Today’s hearing on HB 1322 in House Commerce Committee featured a line-up of South Dakota cottage food producers and organizations (including DRA, Institute for Justice, Center for Rural Affairs, and Americans for Prosperity) coming out in support of much-needed updates to our 12-year-old Cottage Foods Law.

Updates include:

  • Moving away from an expensive and onerous “3rd Party Processing Authority” system for certifying the safety of canned goods (no more paying a 3rd party to certify each of your recipes for rhubarb jam, strawberry jam, 1/2 strawberry 1/2 rhubarb jam, 1/3 strawberry 2/3 rhubarb jam, etc. etc.)
  • Providing for a cost-effective food safety training (renewable every five years) that puts the tools in the hands of producers to make safe modifications of recipes
  • Allowing for sale of certain time-and-controlled products such as live fermented foods, kuchen, and frozen fruits and veggies

Unfortunately, despite already having a “bite at the apple” and securing some amendments they claimed satisfied them ahead of the hearing, SD Retailers Association showed up to oppose the bill and heaped on three more “recommended amendments” in committee. One of those amendments clarifies language in Section 1 of the bill–that all foods allowed are specifically required to be prepared in a home kitchen. No problem. That’s the point, so if it wasn’t clear enough, we can make it so.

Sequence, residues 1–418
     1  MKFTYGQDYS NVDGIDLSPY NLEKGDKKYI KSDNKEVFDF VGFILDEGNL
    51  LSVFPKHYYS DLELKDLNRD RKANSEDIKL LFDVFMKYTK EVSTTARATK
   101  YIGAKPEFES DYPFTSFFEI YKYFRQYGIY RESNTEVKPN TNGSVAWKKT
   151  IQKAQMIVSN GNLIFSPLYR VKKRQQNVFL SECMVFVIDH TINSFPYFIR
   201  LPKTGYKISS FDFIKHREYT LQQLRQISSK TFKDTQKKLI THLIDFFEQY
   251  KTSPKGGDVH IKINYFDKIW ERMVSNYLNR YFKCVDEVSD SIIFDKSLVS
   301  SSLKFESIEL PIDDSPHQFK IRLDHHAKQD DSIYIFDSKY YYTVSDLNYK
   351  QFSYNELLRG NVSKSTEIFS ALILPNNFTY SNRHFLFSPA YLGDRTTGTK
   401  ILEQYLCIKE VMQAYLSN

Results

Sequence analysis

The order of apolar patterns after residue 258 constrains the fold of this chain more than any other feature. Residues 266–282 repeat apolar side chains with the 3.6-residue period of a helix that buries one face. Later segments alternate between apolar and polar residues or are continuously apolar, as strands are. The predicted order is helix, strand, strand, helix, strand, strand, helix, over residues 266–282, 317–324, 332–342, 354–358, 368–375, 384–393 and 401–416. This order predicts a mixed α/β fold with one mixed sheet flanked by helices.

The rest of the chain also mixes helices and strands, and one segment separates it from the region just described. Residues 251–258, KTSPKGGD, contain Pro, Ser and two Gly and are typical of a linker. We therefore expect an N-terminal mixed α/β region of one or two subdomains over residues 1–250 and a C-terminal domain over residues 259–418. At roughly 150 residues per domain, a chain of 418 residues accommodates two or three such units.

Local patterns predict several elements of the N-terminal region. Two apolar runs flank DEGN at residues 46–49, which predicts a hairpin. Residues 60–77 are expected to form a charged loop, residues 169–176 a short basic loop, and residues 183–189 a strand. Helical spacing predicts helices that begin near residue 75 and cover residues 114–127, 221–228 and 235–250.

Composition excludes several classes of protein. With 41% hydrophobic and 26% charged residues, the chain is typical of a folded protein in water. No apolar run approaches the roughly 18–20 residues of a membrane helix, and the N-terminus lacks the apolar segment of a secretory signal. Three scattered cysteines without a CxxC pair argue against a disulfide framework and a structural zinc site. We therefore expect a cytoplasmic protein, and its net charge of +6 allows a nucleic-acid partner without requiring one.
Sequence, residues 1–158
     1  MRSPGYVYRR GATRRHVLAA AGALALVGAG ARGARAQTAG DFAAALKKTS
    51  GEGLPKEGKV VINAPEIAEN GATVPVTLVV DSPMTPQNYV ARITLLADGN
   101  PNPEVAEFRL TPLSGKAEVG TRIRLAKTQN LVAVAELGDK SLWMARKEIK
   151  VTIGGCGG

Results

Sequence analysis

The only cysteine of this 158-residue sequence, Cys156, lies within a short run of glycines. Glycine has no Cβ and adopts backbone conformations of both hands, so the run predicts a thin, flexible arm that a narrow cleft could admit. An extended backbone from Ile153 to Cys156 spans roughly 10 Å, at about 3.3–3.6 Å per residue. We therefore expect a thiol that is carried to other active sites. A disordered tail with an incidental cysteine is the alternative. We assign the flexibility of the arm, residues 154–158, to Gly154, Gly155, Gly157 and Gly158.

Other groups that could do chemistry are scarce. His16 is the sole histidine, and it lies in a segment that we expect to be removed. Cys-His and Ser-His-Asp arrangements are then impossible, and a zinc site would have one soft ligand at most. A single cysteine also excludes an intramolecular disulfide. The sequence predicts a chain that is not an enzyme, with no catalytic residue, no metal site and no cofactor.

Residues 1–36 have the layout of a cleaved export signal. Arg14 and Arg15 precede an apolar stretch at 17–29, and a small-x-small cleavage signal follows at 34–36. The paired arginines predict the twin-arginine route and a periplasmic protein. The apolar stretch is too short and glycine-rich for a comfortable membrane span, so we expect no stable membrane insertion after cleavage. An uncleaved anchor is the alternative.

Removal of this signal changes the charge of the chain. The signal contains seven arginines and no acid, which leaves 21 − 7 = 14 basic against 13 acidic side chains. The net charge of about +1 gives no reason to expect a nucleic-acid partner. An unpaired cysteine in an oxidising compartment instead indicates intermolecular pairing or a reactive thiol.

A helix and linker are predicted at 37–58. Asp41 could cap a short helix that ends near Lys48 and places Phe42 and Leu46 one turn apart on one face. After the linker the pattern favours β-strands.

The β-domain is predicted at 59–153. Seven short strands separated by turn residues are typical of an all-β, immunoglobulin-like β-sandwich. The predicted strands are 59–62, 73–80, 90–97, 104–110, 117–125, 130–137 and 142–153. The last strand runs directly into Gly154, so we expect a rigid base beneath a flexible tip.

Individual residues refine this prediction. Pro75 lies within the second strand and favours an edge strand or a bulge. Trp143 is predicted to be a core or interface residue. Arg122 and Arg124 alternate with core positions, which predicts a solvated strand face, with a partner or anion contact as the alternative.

The second was to remove the $100 cap on food safety training cost, which we were much less happy about. We recognize that the likely partner for this training is SDSU Extension Food Safety folks, since they are the folks we’ve been working with on guidance and training under the existing law for twelve years. Retailers seemed concerned that with a cap that low, their price for their own members taking ServSafe (an entirely different training) would look high. Well, OK…maybe we can deal?

The third “suggested amendment” was to explicitly prohibit cottage foods producers from shipping their goods. Let’s think about that…

Existing law does not expressly allow nor does it prohibit online sales or shipping of home-processed foods. Therefore, explicitly prohibiting shipping makes our law more rather than less restrictive. We believe that there are producers currently shipping some items (such as jams and jellies) on a limited basis.

Say a summer visitor to our fair state buys a jar of amazing chokecherry jelly at a farmers market, and contacts the vendor (through the legally required contact info on the label) to ask if they would be willing to ship them a few more jars or even a case. At a certain volume or frequency, that producer might say no just because of the work it takes to service a non-local clientele. OR they may decide to scale up to commercial scale and sell wholesale volume through…retailers.